Rapid weight loss results in losing muscle mass. It is inevitable. There are strategies such as slow weight loss and increase protein intake to prevent muscle loss, but at the end of the day, it will happen.

However, when it comes to rapid weight loss, the weight gain that follows (from noncompliance to diet or extreme hunger) will not be muscle. The weight gain will be mostly fat. Especially if an individual is not eating adequately protein or strength training. Because the weight gain will be mostly fat, then the body will have a reduced metabolism.

The more muscle you have the more calories your burn. This is why bodybuilders have a tendency to be able to eat a lot while staying lean.

So the event of dieting quickly results in an increase in body fat, less muscle mass, and ultimately a reduced metabolic rate (3).

Fifty-eight percent of publications reported in a review reported that a history of weight cycling was correlated with increased body fat and central adiposity (3). Another fifty percent of studies reported that the presence of weight cycling increased the likelihood of future weight gain, suggesting that weight cycling is potentially problematic for individuals attempting to lose weight (3).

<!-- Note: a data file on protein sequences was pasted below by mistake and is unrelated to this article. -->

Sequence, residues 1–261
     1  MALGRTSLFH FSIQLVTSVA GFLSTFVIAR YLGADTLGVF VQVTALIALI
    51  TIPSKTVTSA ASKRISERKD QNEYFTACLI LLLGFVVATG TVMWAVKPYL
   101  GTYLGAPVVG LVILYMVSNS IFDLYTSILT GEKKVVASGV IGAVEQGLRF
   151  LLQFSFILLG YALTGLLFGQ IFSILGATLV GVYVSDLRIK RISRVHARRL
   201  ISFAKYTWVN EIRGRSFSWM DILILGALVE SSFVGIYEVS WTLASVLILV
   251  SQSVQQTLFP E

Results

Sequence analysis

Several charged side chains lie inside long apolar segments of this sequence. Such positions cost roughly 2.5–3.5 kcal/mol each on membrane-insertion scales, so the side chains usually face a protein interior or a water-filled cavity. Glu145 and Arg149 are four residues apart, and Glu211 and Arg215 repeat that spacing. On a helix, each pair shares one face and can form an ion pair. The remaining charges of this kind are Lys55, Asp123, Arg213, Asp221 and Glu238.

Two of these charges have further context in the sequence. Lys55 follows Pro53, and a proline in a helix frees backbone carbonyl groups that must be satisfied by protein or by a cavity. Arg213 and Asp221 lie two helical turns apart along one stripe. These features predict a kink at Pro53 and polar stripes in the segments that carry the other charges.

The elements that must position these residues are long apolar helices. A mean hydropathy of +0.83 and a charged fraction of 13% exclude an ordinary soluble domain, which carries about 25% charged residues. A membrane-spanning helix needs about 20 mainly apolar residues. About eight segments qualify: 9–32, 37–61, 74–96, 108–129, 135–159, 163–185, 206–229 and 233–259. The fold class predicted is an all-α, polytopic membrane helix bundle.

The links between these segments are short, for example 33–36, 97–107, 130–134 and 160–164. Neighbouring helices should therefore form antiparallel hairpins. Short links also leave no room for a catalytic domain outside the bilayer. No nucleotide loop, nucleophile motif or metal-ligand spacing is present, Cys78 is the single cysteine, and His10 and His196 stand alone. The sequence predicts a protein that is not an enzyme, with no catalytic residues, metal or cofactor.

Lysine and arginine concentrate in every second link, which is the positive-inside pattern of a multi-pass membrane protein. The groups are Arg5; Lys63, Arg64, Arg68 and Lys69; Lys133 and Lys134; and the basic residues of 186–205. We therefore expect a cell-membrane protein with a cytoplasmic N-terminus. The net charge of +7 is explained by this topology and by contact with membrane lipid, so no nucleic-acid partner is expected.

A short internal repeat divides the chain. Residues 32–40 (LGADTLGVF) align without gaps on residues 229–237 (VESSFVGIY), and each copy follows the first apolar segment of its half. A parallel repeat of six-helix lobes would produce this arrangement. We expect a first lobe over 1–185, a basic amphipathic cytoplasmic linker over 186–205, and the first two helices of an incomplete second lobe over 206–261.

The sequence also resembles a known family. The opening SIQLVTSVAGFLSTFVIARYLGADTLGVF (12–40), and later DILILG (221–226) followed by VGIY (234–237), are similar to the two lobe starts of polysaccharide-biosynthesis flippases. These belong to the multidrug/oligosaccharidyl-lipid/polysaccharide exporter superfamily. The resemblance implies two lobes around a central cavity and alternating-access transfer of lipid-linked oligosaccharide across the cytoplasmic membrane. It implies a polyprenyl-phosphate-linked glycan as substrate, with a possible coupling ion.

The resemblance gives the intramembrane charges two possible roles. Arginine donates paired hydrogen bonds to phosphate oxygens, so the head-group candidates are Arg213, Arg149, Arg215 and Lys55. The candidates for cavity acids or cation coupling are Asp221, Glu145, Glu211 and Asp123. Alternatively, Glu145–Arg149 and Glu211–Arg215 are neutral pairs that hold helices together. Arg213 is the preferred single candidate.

1. Increased health risk (diabeties, high blood pressure, high cholesterol)

Even though diabetes has not been directly studied in the weight cycle (3), a study in rats demonstrated increased insulin resistance to rats that experience weight cycling over 12 months rather than those that gained weight steadily (4).

This demonstrates an increased risk of diabetes with weight cycling. Further works need to be done in this area.

Among 9509 participants, those with larger weight fluctuations over a period of time were more at risk for coronary artery disease than weight alone (5). in the same study:

“Among patients in the quintile with the highest variation in body weight, the risk of a coronary event was 64% higher, the risk of a cardiovascular event 85% higher, death 124% higher, myocardial infarction 117% higher, and stroke 136% higher than it was among those in the quintile with the lowest variation in body weight in adjusted models.” (5)